Early labor – During the early hours when contractions come and go irregularly, rest as much as possible. Take walks, change positions frequently, hop in the tub or shower and get a massage. You’ll feel cramps and they won’t feel great, but most women can handle early labor without medication.

Bust out your natural childbirth techniques. Use your deep breathing and relaxation skills. If you’ve studied Lamaze, Bradley, Birthing from Within, HypnoBirthing or any other method – bring it. I’m a big fan right now of HypnoBirthing. Lots of techniques are great, but there’s something special about HypnoBirthing. It just seems to work.

Active labor –This is the time when the going gets tough. If you’re planning to get an epidural – now’s a good time. If natural is your goal, keep using all the tools in your natural toolbox. If one technique isn’t working, try something new. If you’re overwhelmed and feel like tossing in the natural towel, try a new position or technique for ten contractions before you decide to use medication or an epidural. A lot can happen in ten contractions and sometimes all you need is a finite goal. You might choose to keep going for another ten or you might decide time’s up.

If you’re ready for medical help with the pain, don’t beat yourself up about it. That’s what it’s there for. If you’re lucky enough to be in a hospital that offers nitrous oxide (AKA laughing gas) start there. It’s a safe, effective pain relief option that’s popular all over the world, but isn’t readily available in the US. Some hospitals offer it and women say it’s awesome.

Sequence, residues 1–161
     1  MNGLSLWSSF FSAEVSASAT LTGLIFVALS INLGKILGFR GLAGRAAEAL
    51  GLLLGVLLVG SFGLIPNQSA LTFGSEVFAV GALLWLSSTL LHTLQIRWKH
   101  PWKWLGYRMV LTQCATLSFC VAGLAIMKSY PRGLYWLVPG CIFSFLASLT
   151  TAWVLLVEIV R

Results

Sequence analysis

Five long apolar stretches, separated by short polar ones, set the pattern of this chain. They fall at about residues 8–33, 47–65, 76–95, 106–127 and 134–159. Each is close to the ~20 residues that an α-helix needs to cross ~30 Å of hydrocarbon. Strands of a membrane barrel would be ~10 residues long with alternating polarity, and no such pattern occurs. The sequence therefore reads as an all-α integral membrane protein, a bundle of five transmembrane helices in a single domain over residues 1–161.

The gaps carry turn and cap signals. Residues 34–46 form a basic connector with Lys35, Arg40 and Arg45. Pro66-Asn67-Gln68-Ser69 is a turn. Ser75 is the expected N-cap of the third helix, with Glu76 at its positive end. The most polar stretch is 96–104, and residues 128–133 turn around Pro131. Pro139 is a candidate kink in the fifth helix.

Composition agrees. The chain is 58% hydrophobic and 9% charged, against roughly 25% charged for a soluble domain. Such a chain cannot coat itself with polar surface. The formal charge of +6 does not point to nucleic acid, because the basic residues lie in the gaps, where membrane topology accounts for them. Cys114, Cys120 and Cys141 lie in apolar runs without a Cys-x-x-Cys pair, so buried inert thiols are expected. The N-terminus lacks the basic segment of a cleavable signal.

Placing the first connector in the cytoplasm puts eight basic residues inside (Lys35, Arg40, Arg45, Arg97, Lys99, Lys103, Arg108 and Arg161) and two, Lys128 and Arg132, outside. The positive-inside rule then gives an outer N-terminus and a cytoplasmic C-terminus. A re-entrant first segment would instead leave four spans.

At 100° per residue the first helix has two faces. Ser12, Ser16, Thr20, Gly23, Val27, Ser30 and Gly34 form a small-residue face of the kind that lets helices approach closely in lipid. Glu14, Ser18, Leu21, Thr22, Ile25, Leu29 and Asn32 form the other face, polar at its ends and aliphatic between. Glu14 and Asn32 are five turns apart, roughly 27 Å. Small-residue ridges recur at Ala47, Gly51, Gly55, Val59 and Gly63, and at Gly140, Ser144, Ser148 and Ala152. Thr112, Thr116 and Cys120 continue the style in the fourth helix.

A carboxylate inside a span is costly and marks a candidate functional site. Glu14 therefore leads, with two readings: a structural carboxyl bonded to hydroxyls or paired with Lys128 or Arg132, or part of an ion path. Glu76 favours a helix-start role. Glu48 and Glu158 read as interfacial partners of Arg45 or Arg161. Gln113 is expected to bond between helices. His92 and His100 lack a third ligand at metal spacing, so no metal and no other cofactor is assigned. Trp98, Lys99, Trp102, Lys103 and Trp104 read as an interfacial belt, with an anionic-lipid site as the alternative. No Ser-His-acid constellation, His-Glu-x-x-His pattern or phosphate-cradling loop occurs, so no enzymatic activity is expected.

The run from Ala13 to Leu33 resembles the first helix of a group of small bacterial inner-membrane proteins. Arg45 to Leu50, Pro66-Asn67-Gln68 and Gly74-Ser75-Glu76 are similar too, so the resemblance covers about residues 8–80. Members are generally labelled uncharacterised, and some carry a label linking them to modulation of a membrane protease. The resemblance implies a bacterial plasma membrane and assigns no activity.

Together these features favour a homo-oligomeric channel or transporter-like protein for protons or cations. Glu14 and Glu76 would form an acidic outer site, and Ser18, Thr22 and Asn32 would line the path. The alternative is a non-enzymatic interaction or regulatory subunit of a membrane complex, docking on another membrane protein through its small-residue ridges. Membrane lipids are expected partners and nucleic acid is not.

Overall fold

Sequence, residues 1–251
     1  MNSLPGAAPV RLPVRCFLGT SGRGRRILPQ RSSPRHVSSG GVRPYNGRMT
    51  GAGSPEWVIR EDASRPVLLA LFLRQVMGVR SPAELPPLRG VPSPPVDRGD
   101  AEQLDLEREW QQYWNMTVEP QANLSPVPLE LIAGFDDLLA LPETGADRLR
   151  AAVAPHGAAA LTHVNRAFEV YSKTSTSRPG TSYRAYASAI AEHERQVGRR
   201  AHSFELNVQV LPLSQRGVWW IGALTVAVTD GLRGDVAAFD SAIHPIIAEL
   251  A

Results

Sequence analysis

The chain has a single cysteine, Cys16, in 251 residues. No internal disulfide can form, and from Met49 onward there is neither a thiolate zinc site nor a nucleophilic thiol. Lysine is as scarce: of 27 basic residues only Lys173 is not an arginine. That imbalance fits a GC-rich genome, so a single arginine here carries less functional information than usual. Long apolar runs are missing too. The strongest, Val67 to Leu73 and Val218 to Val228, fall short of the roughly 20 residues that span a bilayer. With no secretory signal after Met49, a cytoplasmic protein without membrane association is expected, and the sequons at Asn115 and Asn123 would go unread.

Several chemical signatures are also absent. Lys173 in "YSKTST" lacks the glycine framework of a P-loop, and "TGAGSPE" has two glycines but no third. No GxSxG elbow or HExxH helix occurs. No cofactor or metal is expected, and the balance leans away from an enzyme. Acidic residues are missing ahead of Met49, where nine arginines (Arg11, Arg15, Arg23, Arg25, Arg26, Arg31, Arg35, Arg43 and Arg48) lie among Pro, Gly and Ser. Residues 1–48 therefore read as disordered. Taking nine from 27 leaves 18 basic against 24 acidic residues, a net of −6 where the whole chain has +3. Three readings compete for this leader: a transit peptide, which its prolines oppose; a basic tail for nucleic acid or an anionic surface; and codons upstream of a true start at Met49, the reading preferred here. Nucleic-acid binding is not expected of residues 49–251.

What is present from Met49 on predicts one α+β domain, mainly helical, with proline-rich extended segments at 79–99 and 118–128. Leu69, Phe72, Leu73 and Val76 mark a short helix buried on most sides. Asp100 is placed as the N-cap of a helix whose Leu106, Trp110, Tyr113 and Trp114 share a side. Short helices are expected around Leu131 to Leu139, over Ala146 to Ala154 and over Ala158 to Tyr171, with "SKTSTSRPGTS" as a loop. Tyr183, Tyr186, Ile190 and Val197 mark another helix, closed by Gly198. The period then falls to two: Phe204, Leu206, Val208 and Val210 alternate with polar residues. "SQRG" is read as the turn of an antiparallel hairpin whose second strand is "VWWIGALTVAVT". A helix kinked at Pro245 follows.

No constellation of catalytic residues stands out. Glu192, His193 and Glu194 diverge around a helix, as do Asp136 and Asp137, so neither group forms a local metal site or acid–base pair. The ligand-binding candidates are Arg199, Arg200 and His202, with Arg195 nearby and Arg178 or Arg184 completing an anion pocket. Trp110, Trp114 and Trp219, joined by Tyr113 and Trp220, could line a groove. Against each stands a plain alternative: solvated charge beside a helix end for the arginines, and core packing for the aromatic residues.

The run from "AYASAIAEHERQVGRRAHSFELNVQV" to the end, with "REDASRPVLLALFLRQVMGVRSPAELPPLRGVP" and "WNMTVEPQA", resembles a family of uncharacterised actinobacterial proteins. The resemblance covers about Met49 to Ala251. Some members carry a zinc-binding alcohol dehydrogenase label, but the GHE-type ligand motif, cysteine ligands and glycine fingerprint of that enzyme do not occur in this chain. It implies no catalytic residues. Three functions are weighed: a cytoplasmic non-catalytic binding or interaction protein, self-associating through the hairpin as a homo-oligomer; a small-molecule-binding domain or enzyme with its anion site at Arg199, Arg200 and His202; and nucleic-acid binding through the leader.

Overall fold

Sometimes all you need is a bit of IV pain medication to dull the pain and help you relax for an hour or two. The first dose is pretty helpful. The second dose; less so. If you need more than two doses, you need an epidural.

Most women say epidurals are relatively easy procedures that make labor almost painless. Yes, they can make your legs numb, slow labor down a bit, make pushing more challenging and cause some women’s blood pressure to drop, but, labor can be augmented with Pitocin, pushing can be coached, blood pressure can be boosted and for women who seriously need pain relief, numb legs are better than fierce contractions. There’s no crime in getting the pain relief you need.

Katherine, you’re already ahead of the game because you’re well prepared. As for the BEST way to deal with it – Whatever way you decide to go, your way will be just right for you and your baby. Just take it a step at a time and know that help is available if you need it. Flexibility is absolutely the best way to deal with labor.

Jeanne Faulkner, R.N., lives in Portland, Ore., with her husband and five children. Got a question for Jeanne? Email it to labornurse@fitpregnancy.com and it may be answered in a future blog post.

This Fit Pregnancy blog is intended for educational purposes only. It is not intended to replace medical advice from your physician. Before initiating any exercise program, diet or treatment provided by Fit Pregnancy, you should seek medical advice from your primary caregiver.